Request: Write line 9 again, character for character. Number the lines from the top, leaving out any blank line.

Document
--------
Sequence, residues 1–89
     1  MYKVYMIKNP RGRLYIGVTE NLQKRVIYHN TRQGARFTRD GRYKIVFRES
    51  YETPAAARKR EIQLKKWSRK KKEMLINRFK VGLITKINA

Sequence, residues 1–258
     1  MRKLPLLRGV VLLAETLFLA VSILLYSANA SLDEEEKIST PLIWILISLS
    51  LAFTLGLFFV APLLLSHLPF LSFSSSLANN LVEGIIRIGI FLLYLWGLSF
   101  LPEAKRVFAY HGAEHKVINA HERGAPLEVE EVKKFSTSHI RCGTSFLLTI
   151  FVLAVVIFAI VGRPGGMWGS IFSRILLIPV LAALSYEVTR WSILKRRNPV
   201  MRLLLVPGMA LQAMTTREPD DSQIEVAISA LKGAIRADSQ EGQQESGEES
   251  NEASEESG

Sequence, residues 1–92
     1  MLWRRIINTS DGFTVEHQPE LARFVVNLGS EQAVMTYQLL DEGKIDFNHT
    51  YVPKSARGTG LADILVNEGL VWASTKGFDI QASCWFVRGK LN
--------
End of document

   201  MRLLLVPGMA LQAMTTREPD DSQIEVAISA LKGAIRADSQ EGQQESGEES